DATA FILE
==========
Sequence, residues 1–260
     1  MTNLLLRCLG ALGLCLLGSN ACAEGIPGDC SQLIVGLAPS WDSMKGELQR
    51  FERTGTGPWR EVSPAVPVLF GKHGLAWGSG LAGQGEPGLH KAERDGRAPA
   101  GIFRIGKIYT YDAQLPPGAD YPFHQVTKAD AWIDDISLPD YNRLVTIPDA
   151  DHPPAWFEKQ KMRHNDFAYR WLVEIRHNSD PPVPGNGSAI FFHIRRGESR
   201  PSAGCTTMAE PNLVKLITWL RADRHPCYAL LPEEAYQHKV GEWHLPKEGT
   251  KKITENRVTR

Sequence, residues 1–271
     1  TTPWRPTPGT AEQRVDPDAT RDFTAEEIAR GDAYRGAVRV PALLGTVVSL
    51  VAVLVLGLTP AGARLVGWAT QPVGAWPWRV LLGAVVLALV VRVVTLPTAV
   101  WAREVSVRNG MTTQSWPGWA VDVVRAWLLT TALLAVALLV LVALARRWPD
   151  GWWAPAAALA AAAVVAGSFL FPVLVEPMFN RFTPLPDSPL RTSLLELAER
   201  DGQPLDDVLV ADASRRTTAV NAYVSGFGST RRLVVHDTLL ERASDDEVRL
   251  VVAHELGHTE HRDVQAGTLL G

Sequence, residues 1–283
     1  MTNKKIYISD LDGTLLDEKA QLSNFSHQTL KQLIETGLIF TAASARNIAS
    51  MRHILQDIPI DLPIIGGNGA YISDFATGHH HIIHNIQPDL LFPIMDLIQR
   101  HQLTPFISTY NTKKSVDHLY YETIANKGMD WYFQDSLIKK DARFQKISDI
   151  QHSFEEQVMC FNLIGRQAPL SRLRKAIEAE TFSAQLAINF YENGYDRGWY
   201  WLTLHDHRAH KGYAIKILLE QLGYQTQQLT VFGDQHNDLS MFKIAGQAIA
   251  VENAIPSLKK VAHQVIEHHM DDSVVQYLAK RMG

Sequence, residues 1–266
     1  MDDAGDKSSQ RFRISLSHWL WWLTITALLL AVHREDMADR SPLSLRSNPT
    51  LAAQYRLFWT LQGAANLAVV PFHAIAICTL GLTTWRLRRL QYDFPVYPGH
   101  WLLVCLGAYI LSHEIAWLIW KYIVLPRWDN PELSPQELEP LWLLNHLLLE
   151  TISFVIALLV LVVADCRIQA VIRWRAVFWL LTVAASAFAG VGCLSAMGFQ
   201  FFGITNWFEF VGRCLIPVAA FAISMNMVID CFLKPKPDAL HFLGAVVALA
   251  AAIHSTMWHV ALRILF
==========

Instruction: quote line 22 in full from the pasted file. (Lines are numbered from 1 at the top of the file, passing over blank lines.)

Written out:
Sequence, residues 1–266